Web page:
The unequal path to elite athletic pursuits
The build-up to the Tokyo Olympics is in full swing. There’s Sha’Carri Richardson capturing the country’s attention in the 100-meter dash, the first U.S. Olympic skateboarding team was announced and of course Simone Biles.
All of these athletes have endured years of training and hard work, not to mention a delay in their 2020 Olympic endeavors.
There are various ways in which elite athletes become elite. We’ve all heard stories of athletes who aligned with a sport at a young age, like the Sidney Crosby hype at age 6 (hockey). But there are other athletes who found their path later in childhood, like Misty Copeland who didn’t start ballet until age 13.
More likely are the many athletes who take a more traditional path to pursue their sport: a recreational or community league, followed by trying out for the most competitive team, followed by high school sports, and — for extremely successful high school athletes — playing collegiate sports. The NCAA pipeline to professional leagues is well known, and in fact collegiate competition has been negotiated into the eligibility for the NBA draft (e.g., a minimum of one-year of collegiate competition for draft eligibility).
The inequities facing marginalized athletes are profound. For athletes with a disability, forget about the added cost of adapted sports equipment, like specialized sport chairs; access to opportunity is the greatest barrier.
The traditional path for athletes with a disability is often blocked somewhere along their K-12 schooling. This fact has been acknowledged since at least January 2013, when the U.S. Department of Education’s Office for Civil Rights released a Dear Colleague letter outlining the misinterpretation of sport and extracurricular activities for K-12 students with disabilities. The investigations highlighted a broad set of generalizations and unsophisticated underestimates used to characterize students with a disability. The letter clarified the Rehabilitation Act of 1973 (section 504) and reiterated the existing law that students with a disability have an equal opportunity for participation in nonacademic and extracurricular services and activities.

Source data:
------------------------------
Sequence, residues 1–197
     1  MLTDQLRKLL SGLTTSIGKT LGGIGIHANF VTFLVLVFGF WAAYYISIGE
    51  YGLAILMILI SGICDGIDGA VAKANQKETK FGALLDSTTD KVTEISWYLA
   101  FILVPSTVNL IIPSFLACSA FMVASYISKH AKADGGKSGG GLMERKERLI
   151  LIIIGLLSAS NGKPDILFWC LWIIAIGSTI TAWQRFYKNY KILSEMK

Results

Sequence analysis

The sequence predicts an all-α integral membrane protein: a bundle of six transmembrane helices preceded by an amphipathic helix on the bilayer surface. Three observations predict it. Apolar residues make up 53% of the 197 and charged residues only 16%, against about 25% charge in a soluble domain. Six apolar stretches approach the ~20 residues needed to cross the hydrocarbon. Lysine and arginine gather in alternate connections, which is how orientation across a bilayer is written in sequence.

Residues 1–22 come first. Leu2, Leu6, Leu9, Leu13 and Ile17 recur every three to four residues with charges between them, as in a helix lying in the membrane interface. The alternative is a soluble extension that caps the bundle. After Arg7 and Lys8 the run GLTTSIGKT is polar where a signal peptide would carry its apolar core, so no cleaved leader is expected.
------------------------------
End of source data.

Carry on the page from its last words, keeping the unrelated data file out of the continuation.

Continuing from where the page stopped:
One of the more prominent cases of inequities faced by a student athlete with a disability was that of Tatyana McFadden. McFadden, a decorated Paralympic track athlete, was denied the right to compete in track when she was in high school. She sued the Howard County Public School System, located in the state of Maryland, for the right to compete in high school sports. She won her case, which was the beginning of what is now the Fitness and Athletic Equity Law for Students with Disabilities, a Maryland state law that requires schools to give students with disabilities the opportunity to compete in interscholastic athletics.
But collegiate opportunities for athletes like McFadden are scarce, and mostly consist of club level competition not directly sponsored by the NCAA.
In 1972, Title IX was a game changer for women’s collegiate sports. And — here’s the win-win — its benefits exceeded those of sport and competition. Since the inception of Title IX, more women have attended a university. It has never been just about sport, it has always been about equity, education and the right to opportunity.
Despite the advances made under Title IX, there is still much work to be done. More recently, NCAA gender inequities were called into question when a woman basketball player posted pictures online comparing the paltry training equipment supplied to women players with the men’s full service facility.
There isn’t a comparable Title IX policy for collegiate students with a disability. Sure, other disability laws exist protecting the rights of people with disabilities (e.g., Americans with Disabilities Act ,ADA, and Individuals with Disabilities Education Act, IDEA), but these have not been interpreted to guarantee equal access protections for collegiate sport.
While many of the elite U.S. athletes heading to the 2020 Tokyo Olympics found a path to elite competition with the help of the NCAA, elite Paralympic athletes have not had equivalent NCAA support in their athletic pursuits. Times up.
Disabled athletes need to be a part of the conversation. A Title-IX mirroring policy for collegiate students with a disability is overdue. It’s time to fully embrace equity, inclusion and diversity for all collegiate students.
Megan MacDonald, PhD., is an associate professor of kinesiology in the College of Public Health & Human Sciences at Oregon State University and the IMPACT for Life faculty scholar. She is also the director of the early childhood research core at the university’s Hallie E. Ford Center for Children & Families and a public voices fellow through the OpEd Project.